Aches and pains all over, her energy now thin.

Her health is unfaithful, her body betrays;
A beauty now broken in so many ways.
Grand dreams now futile, her efforts in vain;
A new evil now lingers bringing more pain.

Unable to think clearly, illness her new friend;
Her body the new battlefield, the medications defend.
Time is her warden in this prison full of ache;
She'll live long in her torture, her life it will not take.

Once her drive was so strong, but now it's dwindled low;
Her star then blazing brightly, is now a dimming glow.
A life so full of joy, and with passion for the quest;
She's unable to move forward, for now it's time to rest.

The playground of her world, once welcoming and warm;
Now stealing with shadows, thriving in her harm.
The warriors of disease will battle all life long;
Breaking er defenses, the beasts seem so strong.

Sunday, 1 August 2010

Things you may not know!

30 Things About My Invisible Illness You May Not Know 1. The illness I live with is:
- Chiari Malformation Type I (CM or ACM). In a nutshell, the back/bottom of my brain descends into my spinal canal.

2. I was diagnosed with it in the year:
- 2010

3. But I had symptoms since:
- Forever, without realising it till now. I can't remember a time when turning round didn't make me feel sick. However my symptoms started properly on the 25th March 2010

4. The biggest adjustment I’ve had to make is:
- Learning that I have limitations and I can't always do what I would like, I have to try and predict how things will affect my symptoms and give myself time to recover from them. I get tired out just walking for a few hours. So if I plan a day out, I also have to plan the next day as a rest day.

5. Most people assume:
- That I am drunk. When I am tired I stumble over nothing and can't walk very well.

6. The hardest part about mornings are:
- Everything. I don't sleep well so mornings kill me. My headache tends to be bad in the morning.

7. My favorite medical TV show is:
- Casualty, Holby city and scrubs!

8. A gadget I couldn’t live without is:
- My phone and computer. How else would I keep in touch with people whilst stuck in my bed!

9. The hardest part about nights are:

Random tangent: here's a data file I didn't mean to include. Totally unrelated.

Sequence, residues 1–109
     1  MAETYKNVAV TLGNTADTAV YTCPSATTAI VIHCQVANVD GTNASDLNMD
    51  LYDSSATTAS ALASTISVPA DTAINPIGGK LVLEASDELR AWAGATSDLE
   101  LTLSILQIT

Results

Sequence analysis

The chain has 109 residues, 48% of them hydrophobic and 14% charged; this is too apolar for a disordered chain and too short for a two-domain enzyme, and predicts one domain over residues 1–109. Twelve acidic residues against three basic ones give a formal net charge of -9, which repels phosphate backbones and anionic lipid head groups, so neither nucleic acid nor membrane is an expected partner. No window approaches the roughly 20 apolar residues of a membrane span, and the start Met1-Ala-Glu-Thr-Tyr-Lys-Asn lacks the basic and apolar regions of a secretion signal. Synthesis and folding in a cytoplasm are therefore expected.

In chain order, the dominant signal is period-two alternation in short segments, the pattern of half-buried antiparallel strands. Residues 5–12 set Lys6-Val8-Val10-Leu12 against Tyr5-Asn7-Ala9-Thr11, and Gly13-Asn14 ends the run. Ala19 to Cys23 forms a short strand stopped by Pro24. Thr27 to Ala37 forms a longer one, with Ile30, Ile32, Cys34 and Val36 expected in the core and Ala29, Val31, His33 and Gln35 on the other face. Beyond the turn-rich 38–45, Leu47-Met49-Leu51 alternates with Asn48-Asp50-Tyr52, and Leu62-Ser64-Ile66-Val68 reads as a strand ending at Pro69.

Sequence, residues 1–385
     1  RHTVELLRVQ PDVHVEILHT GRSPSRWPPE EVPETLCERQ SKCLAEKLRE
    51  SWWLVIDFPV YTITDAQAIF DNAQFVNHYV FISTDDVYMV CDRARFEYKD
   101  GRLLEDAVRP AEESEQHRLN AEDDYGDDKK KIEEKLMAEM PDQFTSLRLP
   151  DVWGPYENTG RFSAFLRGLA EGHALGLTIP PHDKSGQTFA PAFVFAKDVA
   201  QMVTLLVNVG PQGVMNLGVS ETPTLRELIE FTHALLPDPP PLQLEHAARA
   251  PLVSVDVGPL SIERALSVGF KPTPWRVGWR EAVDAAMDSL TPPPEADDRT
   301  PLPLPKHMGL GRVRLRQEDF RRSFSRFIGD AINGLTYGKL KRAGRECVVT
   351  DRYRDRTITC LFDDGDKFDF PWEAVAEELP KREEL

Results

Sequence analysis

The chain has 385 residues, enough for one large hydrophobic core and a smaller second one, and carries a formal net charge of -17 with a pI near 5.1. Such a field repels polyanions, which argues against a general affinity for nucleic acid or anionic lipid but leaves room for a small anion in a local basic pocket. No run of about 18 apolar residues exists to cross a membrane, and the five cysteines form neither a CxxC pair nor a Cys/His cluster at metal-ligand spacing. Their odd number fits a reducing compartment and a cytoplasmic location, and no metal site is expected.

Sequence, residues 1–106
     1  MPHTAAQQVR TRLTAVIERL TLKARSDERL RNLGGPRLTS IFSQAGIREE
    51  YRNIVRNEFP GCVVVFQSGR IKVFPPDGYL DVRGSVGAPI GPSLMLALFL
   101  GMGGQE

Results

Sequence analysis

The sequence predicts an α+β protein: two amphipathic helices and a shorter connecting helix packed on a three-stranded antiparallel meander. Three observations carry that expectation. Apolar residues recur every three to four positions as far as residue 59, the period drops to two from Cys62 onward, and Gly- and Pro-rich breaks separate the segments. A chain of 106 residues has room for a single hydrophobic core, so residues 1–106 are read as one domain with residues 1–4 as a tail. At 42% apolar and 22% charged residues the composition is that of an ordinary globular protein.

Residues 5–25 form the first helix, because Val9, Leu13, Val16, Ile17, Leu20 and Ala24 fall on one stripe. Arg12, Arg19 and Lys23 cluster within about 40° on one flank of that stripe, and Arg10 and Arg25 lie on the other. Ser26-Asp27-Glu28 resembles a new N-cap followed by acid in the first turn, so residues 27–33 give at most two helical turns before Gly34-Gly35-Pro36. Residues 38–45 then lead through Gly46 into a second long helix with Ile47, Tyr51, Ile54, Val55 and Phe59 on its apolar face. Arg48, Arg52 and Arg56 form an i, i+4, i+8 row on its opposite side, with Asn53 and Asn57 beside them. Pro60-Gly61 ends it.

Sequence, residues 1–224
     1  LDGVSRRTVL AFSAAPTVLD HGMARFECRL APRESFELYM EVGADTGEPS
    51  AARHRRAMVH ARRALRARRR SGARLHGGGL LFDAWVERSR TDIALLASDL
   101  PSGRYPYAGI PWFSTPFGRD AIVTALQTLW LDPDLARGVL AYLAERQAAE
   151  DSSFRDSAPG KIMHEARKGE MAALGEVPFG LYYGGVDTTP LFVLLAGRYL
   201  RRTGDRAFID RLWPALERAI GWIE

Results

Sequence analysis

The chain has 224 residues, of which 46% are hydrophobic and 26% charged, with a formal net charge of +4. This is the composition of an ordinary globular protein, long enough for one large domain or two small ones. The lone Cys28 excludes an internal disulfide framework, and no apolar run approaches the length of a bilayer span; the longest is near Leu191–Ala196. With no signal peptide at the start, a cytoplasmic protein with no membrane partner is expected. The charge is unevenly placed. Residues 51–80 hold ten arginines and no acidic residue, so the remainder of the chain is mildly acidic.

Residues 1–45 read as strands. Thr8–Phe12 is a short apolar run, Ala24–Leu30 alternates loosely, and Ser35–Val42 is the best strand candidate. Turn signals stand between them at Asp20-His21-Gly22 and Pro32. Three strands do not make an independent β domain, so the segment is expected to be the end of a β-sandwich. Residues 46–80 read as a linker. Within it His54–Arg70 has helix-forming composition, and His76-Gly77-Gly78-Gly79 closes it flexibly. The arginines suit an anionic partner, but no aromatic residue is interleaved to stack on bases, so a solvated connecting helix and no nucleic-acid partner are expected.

- Being awake for the whole night, and realsing its light just as my eyes start to feel heavy.

10. Each day I take:
- 60mg Amitriptyline. Between 50mg and 150mg of Diclofenic. 800mg Gabapentin. 150mg of Sumatriptan (doesn't help) 5mg Folic acid. Occasionally I will take other painkillers, no idea of the names.

11. Regarding alternative treatments I:
- have yet to try anything.

12. If I had to choose between an invisible illness or visible I would choose:
- niether, but I guess I am happy with mine. On good days I can go out and no one bats an eyelid.

13. Regarding working and career:
- I am off long-term sick. Hoping to go back as and when is possible. Doing my degree with the Open University.

14. People would be surprised to know:
- How much of my condition I hide. I don't want people to know how sore I am all day long.

15. The hardest thing to accept about my new reality has been:
- Seeing people get on with things and me being stuck behind. Having to live with my mum still and generally putting my life on hold.

16. Something I never thought I could do with my illness that I did was:
- Smile, but I can and I do!

17. The commercials about my illness:
- Nothing. Not even my GP had a clue what it was. When I told him, he thought I was making it up and accused me of wasting his time. Thanks!

18. Something I really miss doing since I was diagnosed is:
- just going with the flow. Getting drunk, hanging out and belive it or not working!

19. It was really hard to have to give up:
- Work.

20. A new hobby I have taken up since my diagnosis is:
- Blogging =D

21. If I could have one day of feeling normal again I would:
- Go on a roller-coaster, skydive, bungee jump and get drunk!

22. My illness has taught me:
- who matters in life. My friends Family and boyfriend.

23. Want to know a secret? One thing people say that gets under my skin is:
- "Don't you just have a migraine?"

24. But I love it when people:
- love me for who I have become, rather than remembering who I was!

25. My favourite motto, scripture, quote that gets me through tough times is:
- For everything a reason!

26. When someone is diagnosed I’d like to tell them:
- to read about chiari. And to take it easy!

27. Something that has surprised me about living with an illness is:
- how something so serious can be unheard of. Its not common enough for people to just know about, but not rare enough that it get reported when someone is diagnosed.

28. The nicest thing someone did for me when I wasn’t feeling well was:
- make me smile.

29. I’m involved with Invisible Illness Week because:
- I want other people to know that there is support out there and not to go it alone. Also, people shouldn't judge a book by its cover. Just because I stumble and sway doesn't mean I am a pisshead!

30. The fact that you read this list makes me feel:
- like I am not invisible any more!

Find out more about National Invisible Chronic Illness Awareness Week and the 5-day free virtual conference with 20 speakers Sept 14-18 at